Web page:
This Comment argues that the FDA must reconsider its position on the labeling of genetically engineered foods. There is no doubt that genetic engineering of food promises a number of significant benefits to both the consumer and the farmer, and has become a permanent part of the food supply. But recent research points out that these benefits do not come without significant risks, both to the consumer and to the environment. A federal requirement that genetically engineered foods be labeled as such is a necessary step to promote confidence in the American consumer in the face of unease over these very real risks.9 Moreover, in the absence of a federal labeling standard, individual states have the power to impose their own labeling standards. A federal labeling standard is thus necessary to occupy the field and prevent any disruption in the national food marketplace due to a proliferation of differing state labeling standards. Finally, international initiatives for labeling genetically engineered foods are proceeding much more rapidly than are United States national labeling initiatives. A federal labeling standard is required to provide leadership to a global food marketplace that is demanding labeling and remains extremely skeptical of genetically engineered food.'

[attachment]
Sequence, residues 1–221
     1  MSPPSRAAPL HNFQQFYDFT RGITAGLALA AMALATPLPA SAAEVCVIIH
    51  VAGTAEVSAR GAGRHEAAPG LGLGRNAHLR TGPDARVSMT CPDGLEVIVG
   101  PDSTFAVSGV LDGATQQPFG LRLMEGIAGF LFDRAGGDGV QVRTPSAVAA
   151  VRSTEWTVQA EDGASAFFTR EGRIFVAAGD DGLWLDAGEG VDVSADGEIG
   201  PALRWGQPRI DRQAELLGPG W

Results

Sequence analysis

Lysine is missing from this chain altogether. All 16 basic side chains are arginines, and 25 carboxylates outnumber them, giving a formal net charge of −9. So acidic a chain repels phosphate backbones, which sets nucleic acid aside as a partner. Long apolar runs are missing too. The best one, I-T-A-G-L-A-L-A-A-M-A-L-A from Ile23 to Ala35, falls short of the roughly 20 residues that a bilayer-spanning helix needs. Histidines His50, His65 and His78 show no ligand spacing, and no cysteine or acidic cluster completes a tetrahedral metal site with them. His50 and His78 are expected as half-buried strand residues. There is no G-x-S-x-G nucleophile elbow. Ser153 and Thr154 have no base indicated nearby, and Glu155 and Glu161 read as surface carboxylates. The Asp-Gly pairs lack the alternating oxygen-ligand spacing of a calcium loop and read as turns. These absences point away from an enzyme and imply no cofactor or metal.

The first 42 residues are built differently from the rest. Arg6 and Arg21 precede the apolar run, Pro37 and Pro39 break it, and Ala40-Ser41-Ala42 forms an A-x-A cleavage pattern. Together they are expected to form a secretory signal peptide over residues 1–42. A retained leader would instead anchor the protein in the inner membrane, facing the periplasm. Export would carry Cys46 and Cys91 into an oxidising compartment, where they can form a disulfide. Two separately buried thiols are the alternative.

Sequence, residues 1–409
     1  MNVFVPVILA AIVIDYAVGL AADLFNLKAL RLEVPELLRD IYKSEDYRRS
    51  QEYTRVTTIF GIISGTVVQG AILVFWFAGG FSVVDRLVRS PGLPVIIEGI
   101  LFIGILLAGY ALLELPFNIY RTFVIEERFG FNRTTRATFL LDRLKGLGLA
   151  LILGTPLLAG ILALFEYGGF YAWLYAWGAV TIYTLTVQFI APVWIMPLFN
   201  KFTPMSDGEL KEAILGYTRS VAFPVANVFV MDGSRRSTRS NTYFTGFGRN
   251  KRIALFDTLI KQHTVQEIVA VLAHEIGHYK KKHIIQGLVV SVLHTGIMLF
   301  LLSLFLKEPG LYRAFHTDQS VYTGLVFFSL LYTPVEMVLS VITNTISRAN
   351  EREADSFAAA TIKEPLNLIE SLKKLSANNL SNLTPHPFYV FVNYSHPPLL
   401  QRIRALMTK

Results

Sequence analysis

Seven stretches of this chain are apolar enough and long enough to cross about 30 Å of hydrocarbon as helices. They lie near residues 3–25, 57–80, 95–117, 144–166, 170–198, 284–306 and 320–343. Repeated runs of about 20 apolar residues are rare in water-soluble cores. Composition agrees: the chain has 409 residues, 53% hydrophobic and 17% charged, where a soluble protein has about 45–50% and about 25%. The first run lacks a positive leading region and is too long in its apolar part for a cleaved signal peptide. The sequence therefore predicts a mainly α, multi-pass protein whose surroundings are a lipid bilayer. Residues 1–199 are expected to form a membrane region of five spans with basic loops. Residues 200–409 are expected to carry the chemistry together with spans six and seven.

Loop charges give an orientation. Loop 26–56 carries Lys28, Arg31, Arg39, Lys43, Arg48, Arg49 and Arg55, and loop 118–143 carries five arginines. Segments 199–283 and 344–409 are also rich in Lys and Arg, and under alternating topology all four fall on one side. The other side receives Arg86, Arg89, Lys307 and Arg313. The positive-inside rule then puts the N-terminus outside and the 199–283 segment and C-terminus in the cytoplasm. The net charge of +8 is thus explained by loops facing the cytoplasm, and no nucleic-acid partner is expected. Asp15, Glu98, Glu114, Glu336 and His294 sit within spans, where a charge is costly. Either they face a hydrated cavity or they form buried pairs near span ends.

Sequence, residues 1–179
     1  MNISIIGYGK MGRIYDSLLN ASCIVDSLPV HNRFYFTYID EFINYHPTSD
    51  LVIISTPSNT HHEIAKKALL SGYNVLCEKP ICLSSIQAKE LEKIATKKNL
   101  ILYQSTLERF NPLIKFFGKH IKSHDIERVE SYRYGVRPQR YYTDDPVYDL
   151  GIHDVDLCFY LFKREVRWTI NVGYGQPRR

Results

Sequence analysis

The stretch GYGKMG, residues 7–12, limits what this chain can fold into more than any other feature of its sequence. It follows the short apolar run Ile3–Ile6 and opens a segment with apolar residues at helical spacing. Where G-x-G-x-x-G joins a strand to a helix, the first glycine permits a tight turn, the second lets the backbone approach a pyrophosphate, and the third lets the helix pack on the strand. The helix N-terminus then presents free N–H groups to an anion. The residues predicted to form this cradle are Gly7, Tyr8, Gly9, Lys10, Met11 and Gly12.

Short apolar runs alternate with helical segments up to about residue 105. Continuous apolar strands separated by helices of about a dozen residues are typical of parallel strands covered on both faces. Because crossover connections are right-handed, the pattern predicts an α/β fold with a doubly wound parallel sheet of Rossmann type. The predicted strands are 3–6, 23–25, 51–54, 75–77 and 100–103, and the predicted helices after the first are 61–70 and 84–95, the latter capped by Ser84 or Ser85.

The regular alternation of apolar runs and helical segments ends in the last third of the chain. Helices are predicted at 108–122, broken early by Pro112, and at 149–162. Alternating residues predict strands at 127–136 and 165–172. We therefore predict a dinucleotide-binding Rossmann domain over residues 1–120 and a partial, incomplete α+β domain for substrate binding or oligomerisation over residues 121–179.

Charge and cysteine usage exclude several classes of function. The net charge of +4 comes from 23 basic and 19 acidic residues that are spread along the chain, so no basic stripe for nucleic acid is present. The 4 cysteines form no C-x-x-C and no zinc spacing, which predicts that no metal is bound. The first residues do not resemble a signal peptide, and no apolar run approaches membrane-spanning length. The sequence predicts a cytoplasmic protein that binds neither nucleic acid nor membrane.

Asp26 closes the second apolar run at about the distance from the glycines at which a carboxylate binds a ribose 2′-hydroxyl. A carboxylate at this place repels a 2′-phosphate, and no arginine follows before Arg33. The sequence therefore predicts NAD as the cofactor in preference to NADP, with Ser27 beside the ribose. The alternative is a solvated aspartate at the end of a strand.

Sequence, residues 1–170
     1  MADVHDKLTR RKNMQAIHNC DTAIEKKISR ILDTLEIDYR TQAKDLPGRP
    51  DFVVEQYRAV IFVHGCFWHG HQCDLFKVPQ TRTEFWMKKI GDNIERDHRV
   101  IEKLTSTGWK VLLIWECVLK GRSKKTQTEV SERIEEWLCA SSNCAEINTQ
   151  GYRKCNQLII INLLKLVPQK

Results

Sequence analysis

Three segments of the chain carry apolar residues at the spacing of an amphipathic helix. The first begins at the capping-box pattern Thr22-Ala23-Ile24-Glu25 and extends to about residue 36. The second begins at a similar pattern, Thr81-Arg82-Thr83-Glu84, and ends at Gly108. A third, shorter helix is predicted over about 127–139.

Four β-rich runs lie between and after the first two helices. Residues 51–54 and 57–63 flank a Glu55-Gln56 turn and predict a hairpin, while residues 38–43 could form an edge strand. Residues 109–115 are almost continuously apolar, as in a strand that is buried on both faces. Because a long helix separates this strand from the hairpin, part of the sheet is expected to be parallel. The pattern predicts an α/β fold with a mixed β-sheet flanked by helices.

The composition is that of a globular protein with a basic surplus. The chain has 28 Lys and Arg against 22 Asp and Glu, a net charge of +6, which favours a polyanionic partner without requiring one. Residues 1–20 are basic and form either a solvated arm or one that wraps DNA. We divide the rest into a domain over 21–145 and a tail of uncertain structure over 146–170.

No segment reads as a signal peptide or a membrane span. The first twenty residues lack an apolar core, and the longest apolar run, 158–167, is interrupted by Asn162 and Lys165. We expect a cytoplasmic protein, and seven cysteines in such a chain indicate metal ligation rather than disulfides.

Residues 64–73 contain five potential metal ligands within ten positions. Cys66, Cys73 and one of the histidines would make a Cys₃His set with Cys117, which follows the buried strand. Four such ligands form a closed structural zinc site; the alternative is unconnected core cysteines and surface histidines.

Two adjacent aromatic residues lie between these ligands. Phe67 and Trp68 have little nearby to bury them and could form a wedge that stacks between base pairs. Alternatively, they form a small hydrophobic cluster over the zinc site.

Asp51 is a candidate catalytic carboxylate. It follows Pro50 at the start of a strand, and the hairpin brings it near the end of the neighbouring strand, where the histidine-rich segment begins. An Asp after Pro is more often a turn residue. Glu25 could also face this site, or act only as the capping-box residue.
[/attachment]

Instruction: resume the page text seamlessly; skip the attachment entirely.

Reevaluating the Food and Drug Administration's Stand on Labeling Genetically Engineered Foods,
San Diego L. Rev.
Available at: https://digital.sandiego.edu/sdlr/vol35/iss4/8